James Clay Fuller

Things We're Not Supposed to Say

Friday, March 24, 2006

Questions for "moderates"

The debate between “moderates” and liberals over electioneering and candidates has started again.

I put “moderates” in quotation marks because I really don't know what the word means now in a political context.

Roughly seven and a half months before the mid-term elections, the self-identified moderates – sometimes “centrists” -- seem to be saying that we must not take strong stands against Bush and his allies: Russ Feingold was wrong to seek a censure resolution, forget impeachment, don't make the religious right angry, be polite, don't use strong language, support “moderate” candidates, not those who are openly liberal.

Actually, from what I can make out, the "moderates" are saying we need to get Democrats back into some position of power in Congress, and to do that we mustn't take issue with any of the right's major positions nor pick a fight with their “base” or major office holders. We absolutely must not lay claim to the moral high ground.

Doesn't sound like the way to win a fight to you? To me either.

A sort of on-line debate between liberals and “moderates” took place recently in a newsletter run by a very good man who is among those laying claim to the moderate label. The “moderates” seemed to confirm my understanding of their position, which is that “in weakness lies strength,” though I'm sure they wouldn't categorize it in that way, and I can't figure out where the “strength” shows itself.

I have some questions, and I am dead serious about this.

I want those who have taken the supposedly moderate position to answer the questions publicly and clearly, because I am just one of a rapidly growing army of liberals who are appalled by what we understand them to be saying. We believe that if they prevail, the Democrats are doomed to yet another dismal electoral failure. And that means this country will take several more steps down the road to becoming a giant emirate.

(Growing army? Yes. Can't give you numbers, but if you survey the columns by syndicated columnists and letters to editors over the past three months, you'll see many saying things the writers would not have said last fall, openly and harshly spanking the gutless wonders at the top of the Democratic Party structure. And my contacts with literally dozens of people who once were loyal Democrats provide me with much anecdotal evidence of the decline of that semi-organization. The defectors and those who have one foot out the door are disgusted to the point of nausea with what they see as the cowardice and aimlessness of Democratic office holders and party officials.)

So, to the questions:

*Seriously, what does “moderate” mean, in terms of a person and a position? Thus far, it seems to many of us to mean a person who will not take a firm stand on any issue simply because it is the right thing to do. As a position, "moderate" does not seem to liberals to have any clear meaning other than “not liberal” and probably “not as far right as Bill Frist, although he's really a good guy.”

*What is the ethical or moral bottom line for a “moderate” politician or position as defined by those who name themselves moderates?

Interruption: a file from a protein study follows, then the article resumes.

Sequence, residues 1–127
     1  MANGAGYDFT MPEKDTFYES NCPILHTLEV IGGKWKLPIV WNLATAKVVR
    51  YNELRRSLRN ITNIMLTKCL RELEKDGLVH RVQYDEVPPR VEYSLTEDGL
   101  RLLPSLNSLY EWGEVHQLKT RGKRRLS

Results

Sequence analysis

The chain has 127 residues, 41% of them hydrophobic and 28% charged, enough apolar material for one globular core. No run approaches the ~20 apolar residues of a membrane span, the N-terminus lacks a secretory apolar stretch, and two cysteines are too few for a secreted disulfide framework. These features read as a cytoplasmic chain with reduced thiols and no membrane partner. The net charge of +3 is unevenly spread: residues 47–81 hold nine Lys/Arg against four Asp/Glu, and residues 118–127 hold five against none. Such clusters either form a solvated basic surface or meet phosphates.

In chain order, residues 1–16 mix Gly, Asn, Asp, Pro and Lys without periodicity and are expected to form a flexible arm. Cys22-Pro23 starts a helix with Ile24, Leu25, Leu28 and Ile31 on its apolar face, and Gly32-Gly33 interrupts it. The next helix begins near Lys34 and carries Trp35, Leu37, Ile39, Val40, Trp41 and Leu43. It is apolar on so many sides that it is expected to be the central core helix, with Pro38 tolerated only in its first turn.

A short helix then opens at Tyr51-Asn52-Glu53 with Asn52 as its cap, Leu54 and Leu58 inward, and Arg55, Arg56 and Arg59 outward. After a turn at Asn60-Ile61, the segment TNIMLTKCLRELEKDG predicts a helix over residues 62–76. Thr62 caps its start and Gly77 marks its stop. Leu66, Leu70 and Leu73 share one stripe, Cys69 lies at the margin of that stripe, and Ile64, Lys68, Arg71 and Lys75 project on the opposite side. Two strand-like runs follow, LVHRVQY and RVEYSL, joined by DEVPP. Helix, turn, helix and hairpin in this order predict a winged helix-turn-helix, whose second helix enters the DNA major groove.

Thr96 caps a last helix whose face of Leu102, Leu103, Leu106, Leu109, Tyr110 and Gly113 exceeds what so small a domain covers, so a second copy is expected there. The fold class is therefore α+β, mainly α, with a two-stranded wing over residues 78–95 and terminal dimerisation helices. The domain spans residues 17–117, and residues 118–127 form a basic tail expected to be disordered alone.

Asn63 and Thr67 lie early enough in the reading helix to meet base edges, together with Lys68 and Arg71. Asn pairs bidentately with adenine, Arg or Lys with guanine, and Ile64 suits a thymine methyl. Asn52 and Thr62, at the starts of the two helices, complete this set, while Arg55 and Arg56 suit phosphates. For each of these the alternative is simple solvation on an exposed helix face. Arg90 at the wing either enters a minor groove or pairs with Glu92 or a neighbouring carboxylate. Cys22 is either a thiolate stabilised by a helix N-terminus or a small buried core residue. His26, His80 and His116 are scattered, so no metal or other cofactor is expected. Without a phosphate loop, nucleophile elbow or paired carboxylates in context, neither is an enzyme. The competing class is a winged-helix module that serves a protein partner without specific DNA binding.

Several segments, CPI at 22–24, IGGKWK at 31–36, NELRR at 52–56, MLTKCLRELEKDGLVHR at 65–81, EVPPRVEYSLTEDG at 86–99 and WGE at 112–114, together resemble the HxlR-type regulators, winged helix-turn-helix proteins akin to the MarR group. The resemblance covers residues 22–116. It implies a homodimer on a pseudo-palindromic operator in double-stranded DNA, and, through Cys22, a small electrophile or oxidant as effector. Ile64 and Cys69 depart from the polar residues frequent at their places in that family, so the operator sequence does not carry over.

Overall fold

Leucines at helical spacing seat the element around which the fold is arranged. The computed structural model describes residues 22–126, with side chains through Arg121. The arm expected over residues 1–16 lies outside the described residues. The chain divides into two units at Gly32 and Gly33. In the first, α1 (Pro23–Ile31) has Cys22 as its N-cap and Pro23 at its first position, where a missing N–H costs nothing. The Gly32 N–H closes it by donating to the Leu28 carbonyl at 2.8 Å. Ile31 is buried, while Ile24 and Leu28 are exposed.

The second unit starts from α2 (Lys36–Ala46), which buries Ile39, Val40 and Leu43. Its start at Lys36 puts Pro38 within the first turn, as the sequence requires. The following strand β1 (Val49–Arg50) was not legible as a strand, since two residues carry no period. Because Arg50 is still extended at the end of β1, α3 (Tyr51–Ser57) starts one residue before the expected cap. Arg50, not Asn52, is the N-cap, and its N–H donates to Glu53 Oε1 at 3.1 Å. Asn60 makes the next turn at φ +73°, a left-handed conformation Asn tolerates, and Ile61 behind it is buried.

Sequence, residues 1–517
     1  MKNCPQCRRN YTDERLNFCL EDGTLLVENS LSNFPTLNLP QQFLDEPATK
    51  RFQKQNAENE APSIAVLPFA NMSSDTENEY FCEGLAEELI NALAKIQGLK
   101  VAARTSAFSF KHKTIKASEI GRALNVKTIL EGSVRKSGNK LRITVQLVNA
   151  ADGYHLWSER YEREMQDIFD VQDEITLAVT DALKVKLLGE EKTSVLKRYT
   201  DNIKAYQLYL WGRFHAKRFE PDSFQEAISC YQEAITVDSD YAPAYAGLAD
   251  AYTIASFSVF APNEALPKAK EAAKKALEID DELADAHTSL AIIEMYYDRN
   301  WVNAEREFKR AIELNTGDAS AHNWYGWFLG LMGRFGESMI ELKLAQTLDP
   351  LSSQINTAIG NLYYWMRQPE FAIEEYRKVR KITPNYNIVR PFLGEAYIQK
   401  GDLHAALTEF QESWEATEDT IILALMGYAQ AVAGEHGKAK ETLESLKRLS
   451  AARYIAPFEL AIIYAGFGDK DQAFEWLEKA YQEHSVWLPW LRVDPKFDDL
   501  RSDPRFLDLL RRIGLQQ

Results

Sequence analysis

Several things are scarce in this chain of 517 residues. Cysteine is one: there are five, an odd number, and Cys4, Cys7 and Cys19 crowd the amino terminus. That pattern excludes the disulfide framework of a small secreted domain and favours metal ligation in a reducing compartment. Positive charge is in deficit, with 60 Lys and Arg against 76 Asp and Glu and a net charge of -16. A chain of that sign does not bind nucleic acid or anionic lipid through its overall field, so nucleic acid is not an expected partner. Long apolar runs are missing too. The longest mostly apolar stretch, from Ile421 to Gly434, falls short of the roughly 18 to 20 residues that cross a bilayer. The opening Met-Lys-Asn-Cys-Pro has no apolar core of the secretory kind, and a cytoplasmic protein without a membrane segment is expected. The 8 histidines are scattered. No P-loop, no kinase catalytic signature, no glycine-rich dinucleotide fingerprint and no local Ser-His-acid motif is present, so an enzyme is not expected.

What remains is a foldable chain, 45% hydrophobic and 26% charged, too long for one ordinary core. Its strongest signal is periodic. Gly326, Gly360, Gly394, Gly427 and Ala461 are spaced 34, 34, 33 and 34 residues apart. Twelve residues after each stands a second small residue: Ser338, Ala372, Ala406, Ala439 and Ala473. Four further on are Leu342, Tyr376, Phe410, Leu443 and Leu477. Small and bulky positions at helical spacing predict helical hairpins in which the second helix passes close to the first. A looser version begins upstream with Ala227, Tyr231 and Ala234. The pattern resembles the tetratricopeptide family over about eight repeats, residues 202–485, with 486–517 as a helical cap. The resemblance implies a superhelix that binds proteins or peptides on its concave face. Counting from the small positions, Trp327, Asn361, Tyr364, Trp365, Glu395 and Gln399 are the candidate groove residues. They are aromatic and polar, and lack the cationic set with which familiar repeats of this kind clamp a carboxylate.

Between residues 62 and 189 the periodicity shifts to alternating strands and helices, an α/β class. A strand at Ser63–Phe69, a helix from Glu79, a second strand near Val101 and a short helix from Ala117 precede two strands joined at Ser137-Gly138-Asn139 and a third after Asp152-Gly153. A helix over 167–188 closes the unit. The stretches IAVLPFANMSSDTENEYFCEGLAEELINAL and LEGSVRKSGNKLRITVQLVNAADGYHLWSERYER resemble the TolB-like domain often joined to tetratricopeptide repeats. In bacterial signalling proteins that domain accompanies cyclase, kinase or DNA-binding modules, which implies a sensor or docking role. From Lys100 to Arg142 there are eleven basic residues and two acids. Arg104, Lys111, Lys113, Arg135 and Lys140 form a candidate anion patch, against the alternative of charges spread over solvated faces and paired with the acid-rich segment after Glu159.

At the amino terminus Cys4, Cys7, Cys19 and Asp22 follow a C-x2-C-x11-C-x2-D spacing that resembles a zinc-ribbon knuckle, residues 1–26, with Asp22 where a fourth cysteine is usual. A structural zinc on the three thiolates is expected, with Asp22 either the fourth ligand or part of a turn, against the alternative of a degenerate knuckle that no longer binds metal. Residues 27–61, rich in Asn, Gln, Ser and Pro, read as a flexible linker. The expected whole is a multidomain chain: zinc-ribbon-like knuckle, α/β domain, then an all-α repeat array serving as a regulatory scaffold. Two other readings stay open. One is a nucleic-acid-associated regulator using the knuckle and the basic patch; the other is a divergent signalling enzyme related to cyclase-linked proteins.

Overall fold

I will be honest: We can't see it. We do see a lot of Democrats holding their fingers to the wind (and often getting the direction wrong), checking the polls and finding out where Fox News stands on the question before deciding whether it's Tuesday or Thursday.

More specifically:

*Are there political or moral beliefs or positions on which you will not compromise or from which you will not back down? If so, what are they?

Pulling our troops out of Iraq? By when? Putting an end to torture by Americans or American surrogates? How quickly and by what means? How about measures to seriously reduce global warming and our dependence on oil? Domestic spying? Demanding immediate repeal of the misnamed Patriot Act? Requiring the president to abide by the Constitution and the rule of law? What about the $105 billion to be cut from Medicare over the next 10 years? Education funding?

Please: What will you take unshakable stands on, what is open to trading?

*Assuming you are willing to compromise on many issues, what are you prepared to trade way, and what will you demand in return? Very seriously, do you expect to get anything in return for what you give away? How will you extract concessions from the right?

Those are questions of great importance, because the record of the past decade and more clearly shows that the right wingers who control our government do not compromise. They take, they don't give.

They easily collect huge sums from corporate bigwigs and they buy lots of television advertising to persuade the public to their position and to try to crush any opposition. They will not, say, give up pursuing the legal right to drill in the Arctic Wildlife Preserve if you agree to destroy Social Security, even though Social Security is much more important. How do you propose to change that fact of life?

*Why do you assume the American public will not understand if the Democrats clearly and honestly define and explain the issues? Obviously, you do make that assumption, since you don't believe Democrats should take firm public positions on the major issues between the left and right. Isn't that conceding the field to the right, which does take firm positions?

*How will you deal with the phony issues of distraction? Will you debate them, which is what's happening now, or will you push them aside and insist on talking about the real issues of the day?

I could go on, but real answers to those questions will suffice for now. Should they be forthcoming, we can talk more.